International Generalist #6: business secrets from the restaurant industry, using AI for meal planning, and career maps
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Welcome to the 6th issue of International Generalist. Today, we’ll cover business secrets from the restaurant industry, using AI for meal planning, and career maps.
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Let’s dive in.
 What makes a business great? Lessons from an American restaurant chain
Insights from Bon Appetit (and me).
Every great business is unique. But there are a few things many great businesses get right, regardless of the industry.
When reading this article about the Hillstone Group, a restaurant chain of 48 restaurants across the US, I couldn’t help myself but admire them. The way they’re running their business is brilliant, and it sounds exactly like I would want to run a business.
So I dug in a bit and identified five things Hillstone does well that will help any business succeed:
[1.1] Identifing what the customer wants by actually talking to them
The number 1 thing in every business: talk to your customers. It’s tempting to build products sitting in your ivory tower, but unless you interact with the humans that you’re solving a problem for, you won’t know whether what you’re doing is actually working.
Hillstone does this well: they understand what a customer wants - great service, great food, with consistency. Whether that is sushi, a burger, draft beers or fancy wine, that is up to the customer. Hillstone has it all.
Even their menu is inspired by customer feedback:
“Fun fact for Hillstonians: The [Spinach-Artichoke] dip was “created” by regulars at Houston’s in Chicago. Customers started ordering the spinach and artichoke side with chips. Salsa and sour cream were added later, giving the combo the name “Chicago-Style Spinach and Artichoke Dip.””
Michelin-Chef Michael White also acknowledges this in the article:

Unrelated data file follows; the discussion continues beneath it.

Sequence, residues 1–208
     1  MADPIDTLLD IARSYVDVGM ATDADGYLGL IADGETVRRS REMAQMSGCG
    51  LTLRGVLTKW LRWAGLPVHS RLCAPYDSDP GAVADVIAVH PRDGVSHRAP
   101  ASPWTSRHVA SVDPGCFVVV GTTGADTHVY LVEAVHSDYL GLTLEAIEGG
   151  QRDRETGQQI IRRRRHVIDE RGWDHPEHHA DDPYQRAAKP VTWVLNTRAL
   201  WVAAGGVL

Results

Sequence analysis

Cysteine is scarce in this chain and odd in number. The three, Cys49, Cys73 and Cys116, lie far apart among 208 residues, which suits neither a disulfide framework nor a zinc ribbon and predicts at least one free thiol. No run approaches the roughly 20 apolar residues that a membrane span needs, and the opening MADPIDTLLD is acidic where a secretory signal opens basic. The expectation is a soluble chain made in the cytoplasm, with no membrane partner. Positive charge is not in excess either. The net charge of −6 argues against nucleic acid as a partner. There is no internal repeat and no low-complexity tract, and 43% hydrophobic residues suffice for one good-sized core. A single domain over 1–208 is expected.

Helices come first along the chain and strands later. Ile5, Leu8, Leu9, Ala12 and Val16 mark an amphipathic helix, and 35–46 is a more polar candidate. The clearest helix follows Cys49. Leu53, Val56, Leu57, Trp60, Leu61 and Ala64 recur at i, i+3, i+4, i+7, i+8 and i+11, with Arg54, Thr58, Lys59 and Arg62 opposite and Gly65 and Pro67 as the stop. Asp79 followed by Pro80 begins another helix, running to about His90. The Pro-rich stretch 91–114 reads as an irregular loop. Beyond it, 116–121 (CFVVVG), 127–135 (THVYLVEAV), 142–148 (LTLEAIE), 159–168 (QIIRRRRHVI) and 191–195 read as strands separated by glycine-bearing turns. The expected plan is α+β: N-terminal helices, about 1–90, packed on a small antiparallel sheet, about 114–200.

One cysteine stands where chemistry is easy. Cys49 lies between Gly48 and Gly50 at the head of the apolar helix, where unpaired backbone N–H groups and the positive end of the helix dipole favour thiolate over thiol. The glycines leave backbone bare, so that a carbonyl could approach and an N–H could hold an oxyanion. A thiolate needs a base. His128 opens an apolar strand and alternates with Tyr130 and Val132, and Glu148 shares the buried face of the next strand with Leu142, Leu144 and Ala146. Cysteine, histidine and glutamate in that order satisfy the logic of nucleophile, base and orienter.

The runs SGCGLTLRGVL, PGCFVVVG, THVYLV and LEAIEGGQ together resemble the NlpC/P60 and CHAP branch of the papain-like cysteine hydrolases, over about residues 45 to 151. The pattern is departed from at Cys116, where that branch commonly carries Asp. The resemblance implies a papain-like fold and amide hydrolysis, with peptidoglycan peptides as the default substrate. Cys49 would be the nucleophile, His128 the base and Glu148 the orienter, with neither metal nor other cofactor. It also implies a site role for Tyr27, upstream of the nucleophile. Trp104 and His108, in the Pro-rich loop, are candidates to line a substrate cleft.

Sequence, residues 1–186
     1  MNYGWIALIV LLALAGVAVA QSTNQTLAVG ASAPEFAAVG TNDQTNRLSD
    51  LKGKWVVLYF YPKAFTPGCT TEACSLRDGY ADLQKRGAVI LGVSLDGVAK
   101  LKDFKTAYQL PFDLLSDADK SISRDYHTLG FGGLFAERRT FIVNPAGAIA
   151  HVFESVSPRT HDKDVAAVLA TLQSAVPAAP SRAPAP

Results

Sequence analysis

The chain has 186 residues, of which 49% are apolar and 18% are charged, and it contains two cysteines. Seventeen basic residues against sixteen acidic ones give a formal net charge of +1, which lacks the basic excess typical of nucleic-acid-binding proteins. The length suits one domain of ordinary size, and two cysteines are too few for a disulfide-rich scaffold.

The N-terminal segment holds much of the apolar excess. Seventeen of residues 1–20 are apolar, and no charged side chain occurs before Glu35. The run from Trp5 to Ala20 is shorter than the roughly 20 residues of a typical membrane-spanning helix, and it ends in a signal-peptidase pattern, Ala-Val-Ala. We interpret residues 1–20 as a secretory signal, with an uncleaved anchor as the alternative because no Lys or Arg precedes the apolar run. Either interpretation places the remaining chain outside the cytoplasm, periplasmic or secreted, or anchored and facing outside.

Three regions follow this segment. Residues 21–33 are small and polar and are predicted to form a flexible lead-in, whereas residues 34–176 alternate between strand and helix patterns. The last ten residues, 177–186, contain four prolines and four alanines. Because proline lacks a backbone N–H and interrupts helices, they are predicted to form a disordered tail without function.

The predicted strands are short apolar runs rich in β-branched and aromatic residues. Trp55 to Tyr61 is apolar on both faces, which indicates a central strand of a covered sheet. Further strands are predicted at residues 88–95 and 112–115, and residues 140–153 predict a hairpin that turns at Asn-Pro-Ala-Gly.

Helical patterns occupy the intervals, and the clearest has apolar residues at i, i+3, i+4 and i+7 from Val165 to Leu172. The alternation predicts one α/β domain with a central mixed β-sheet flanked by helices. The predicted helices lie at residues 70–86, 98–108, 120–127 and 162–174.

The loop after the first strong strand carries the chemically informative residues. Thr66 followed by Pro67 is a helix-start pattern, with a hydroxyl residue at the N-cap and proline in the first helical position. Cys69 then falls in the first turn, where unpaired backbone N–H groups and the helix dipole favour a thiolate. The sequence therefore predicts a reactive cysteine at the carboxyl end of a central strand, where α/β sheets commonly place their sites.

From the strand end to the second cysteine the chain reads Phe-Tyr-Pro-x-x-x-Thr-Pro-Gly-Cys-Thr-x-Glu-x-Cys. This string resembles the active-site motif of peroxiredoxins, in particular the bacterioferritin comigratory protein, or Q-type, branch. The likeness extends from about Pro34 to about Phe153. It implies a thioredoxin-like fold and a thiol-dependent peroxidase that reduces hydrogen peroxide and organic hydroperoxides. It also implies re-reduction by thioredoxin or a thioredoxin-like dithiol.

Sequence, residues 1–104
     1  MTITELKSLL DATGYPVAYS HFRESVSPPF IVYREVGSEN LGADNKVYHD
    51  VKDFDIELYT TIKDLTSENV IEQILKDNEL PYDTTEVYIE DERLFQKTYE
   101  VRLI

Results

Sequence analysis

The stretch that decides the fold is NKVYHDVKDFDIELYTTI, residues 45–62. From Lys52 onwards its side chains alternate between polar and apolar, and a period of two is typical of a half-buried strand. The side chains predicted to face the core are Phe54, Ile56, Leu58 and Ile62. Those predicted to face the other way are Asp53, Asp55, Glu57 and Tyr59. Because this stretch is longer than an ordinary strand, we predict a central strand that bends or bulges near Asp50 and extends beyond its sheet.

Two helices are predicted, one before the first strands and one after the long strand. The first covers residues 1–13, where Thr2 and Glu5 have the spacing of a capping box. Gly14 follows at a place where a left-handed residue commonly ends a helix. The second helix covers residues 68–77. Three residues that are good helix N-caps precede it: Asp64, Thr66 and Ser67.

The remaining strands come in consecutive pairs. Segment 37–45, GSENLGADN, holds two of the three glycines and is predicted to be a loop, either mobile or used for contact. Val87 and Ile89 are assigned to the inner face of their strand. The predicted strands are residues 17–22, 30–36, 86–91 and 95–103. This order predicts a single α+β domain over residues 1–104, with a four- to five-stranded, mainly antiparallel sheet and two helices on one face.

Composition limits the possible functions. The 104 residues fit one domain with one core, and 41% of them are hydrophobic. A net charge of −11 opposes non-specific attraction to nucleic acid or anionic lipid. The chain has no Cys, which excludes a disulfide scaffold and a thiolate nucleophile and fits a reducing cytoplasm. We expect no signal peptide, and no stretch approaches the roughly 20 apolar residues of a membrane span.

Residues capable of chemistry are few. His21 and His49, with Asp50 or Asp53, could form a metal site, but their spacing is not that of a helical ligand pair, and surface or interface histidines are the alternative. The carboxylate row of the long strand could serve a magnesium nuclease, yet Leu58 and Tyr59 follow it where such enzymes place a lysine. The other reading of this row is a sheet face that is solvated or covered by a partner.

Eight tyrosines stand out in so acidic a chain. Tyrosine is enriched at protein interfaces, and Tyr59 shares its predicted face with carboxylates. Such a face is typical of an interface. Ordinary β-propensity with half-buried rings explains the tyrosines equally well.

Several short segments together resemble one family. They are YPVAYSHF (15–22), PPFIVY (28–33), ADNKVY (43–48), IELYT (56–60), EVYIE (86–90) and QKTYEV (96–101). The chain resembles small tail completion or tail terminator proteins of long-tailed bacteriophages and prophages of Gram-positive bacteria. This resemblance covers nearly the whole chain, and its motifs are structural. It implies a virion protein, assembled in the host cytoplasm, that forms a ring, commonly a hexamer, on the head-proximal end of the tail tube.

“We chefs take ourselves a bit too seriously. Where Hillstone succeeds is pinpointing what people want and giving it to them.”
[1.2] Going through the customer journey thousands of times, allowing yourself to anticipate needs before the customer knows he has them
“And then something happened that really got Christina’s attention. Before she had time to respond, she was holding a glass of Champagne and I was sipping my 50/50 gin martini. If this had been any other place in New York, we’d still be trying to get the bartender’s attention. In less than three minutes, we had confirmed our reservation with the smiling hosts, checked our coats, snagged some space at the bar, and ordered drinks.”
This is a wonderful user experience. You know that feeling when everything works a little bit better than expected? That’s what happens if you know the ins and outs of your customer journey.
Hillstone knows that:
People hate attempting to get the bartender’s attention
People dislike waiting for the menu to order, or for their drinks to arrive
People want to know right away that their reservation exists
How do they know that? By being regulars at other restaurants, where they go through the customer journey over and over again.
You can use the same cue for your business: try going through your customer journey to iron out even the smallest issues - until the product or service is perfect.
[1.3] Not cutting corners
“That’s the brilliance of Hillstone,” Coraine said. “They don’t cut corners.”
When you go through the customer journey, you will realise that some things aren’t that easy to fix. Do them anyway. Hillstone has a beautiful example of this:
“the fact that you’ll never have to fix a wobbly table because they’re all drilled into the floor, thereby eliminating the single biggest annoyance in the history of dining”
Whoa. That is attention to detail.
And I’m certain they don’t cut corners with the quality of their food either. Will it be more expensive? Yes. Will people be willing to pay more for it? Also yes.
I had a similar experience at Linguedo, my first start-up. We brought nurses from Italy to Germany, and unlike all the other agencies on the market, we actually did the language training of the nurses ourselves. That allowed us to drill German into them at a much higher level than the agencies who outsourced the learning part.
Was it more expensive? Yes.
Were our clients willing to pay more for it? Also yes - a LOT more.
[1.4] Being consistent every single time
“Every Hillstone, I had learned, is mind-bogglingly consistent.”
“It’s their ability to put out the same great product no matter what the location, again and again, that amazes me,” Shook said.”
We experience delight when your expectations are met or exceeded. When your product or service is consistent in doing, customers will experience delight.